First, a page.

Family fishing outings spur invention that wraps up to six extra rod holders around a cooler
The Holzmanns are a true power couple.
Dean Holzmann, 47, is a law firm partner who puts in long hours in the courtroom. Jola Holzmann, 47, is a dentist who also puts in her share of hours. Between the two, they have three sons that keep them busy at home in Glen Head, N.Y. So when the weekend comes, they do something they can all appreciate together: fishing.
So it comes as no surprise that the Holzster, the latest fishing gadget that straps rod holders around a cooler, sprang from a passion for a sport rather than a desire to make a marketing mint.
“Fishing is really a hobby for us, and we had a lot of fun developing this,” says Jola. “We’ve already gotten a lot of positive feedback.”
The idea began last summer when Dean was fishing with son, Dean, and Jola’s sons, Christopher and Peter, on Mom’s Mutiny, a 43-foot Egg Harbor they bought in 2006. They needed a way to get their additional fishing rods off the deck after they used up the holders on the boat. They tried pulling the rods together with a bungee cord, but then they proved hard to remove. After some thought, they realized perhaps the rods could be attached to the cooler.
“Every fisherman and woman has a cooler on their boat,” says Dean. “We thought if we could develop something that held the rods in place and got them off the floor of the boat, it would certainly help us and maybe others.”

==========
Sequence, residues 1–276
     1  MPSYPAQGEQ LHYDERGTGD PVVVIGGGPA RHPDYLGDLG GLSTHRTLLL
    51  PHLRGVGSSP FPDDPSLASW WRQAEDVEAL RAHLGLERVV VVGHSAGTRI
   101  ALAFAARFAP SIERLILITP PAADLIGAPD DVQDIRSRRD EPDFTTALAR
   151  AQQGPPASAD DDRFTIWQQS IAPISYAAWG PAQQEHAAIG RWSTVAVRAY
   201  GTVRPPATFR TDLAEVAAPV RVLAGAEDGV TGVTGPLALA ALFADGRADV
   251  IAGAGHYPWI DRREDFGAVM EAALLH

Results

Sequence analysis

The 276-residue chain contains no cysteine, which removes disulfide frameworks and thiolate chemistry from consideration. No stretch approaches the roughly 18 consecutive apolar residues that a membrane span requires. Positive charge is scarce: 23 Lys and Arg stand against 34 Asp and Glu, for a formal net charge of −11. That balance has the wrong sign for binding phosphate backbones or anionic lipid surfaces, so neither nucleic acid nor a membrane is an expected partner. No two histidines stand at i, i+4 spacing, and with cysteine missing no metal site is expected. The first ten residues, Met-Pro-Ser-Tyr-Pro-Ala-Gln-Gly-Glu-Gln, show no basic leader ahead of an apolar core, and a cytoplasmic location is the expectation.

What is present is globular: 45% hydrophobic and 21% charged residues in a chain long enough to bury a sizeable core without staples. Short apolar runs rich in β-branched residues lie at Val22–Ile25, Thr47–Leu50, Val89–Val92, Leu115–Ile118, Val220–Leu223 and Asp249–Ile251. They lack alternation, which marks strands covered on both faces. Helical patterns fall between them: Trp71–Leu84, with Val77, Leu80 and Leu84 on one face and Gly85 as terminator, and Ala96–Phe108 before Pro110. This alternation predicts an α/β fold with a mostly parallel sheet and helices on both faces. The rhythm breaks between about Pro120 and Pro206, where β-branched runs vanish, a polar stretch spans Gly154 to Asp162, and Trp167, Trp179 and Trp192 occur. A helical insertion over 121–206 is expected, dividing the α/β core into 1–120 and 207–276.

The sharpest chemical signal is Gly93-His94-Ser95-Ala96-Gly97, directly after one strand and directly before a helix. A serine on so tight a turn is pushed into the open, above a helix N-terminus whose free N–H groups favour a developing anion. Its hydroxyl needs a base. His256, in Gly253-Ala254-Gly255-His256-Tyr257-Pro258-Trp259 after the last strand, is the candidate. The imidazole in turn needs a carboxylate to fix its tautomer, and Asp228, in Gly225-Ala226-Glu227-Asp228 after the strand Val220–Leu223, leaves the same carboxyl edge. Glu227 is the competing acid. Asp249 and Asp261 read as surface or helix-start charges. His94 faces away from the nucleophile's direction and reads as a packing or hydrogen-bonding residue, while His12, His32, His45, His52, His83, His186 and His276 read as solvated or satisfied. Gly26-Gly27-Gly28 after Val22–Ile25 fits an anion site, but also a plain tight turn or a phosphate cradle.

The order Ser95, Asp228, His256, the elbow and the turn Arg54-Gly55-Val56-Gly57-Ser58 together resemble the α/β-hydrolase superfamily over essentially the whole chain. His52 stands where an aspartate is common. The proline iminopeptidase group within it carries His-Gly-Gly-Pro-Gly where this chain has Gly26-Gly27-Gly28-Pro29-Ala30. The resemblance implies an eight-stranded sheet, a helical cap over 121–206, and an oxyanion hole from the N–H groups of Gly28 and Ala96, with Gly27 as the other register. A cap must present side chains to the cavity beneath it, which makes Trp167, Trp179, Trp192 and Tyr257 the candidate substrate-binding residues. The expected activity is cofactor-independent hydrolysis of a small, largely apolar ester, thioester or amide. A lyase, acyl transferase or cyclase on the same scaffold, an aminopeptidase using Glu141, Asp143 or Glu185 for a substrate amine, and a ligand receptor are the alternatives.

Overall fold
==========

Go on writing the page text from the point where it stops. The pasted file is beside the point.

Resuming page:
The couple first looked online and in catalogs to see if there was anything similar, and when there was none they began brainstorming.
“We wanted a way that the rod holders could stay on the cooler without drilling into the cooler, and that’s where we came up with the idea of a rack,” says Dean. “That way, we could take it off when we didn’t need it.”
All of the other products such as the belt, the buckle and the holders could be ordered from various marine suppliers. The challenge was inventing the horizontal panel that the rods would be attached to.
“Dean pays a lot of attention to detail and is a very goal-oriented person,” says Jola. “I couldn’t help but get involved. He really wanted it to be the best it could be, and he did a lot of homework on what products were out there already and what supplies he could use.”
After perfecting the plastic panel the Holzmanns, much to their surprise, had created a patent-pending product that friends and family were already buying. Officially launched April 1, the Holzster comes with stainless steel ratchet buckles; a bundle of blue polypropylene-webbed strapping cut to fit any size cooler; polyethylene UV-resistant rod holders; and the marine-grade polymer horizontal panels Dean makes in his house. Customers have the selection of three-, four-, five- and six-rod holder racks and either two- or three-holder optional side racks. Prices range from $89.97 to $169.94, which includes the strapping and ratchet buckle.
“The kids were really excited about what we were working on, and it was great because it was something totally new for us,” says Dean. “We’d talk about it over dinner, about what a positive development this was.”
Not that fishing wasn’t always positive for the Holzmanns. When Jola was diagnosed with breast cancer a few years ago, they decided it was time to stop dreaming about the perfect boat and get one. Now with her cancer in remission, Jola speaks enthusiastically about how fishing brings her family together.
“The boys are 19, 15, and 9, and those are pretty drastic age differences. But they all have a passion for fishing,” says Jola. “It is a hobby where we can all get involved, as well as being healthy and active.”
Upcoming improvements to the Holzster include a selection of colors for the straps and continuing to make the product more practical, useable and accessible.
“We got this idea that just kept unwinding,” says Jola. “If it continues to be a success — great. If not, we still had fun.”
This story originally appeared in the February 1009 issue.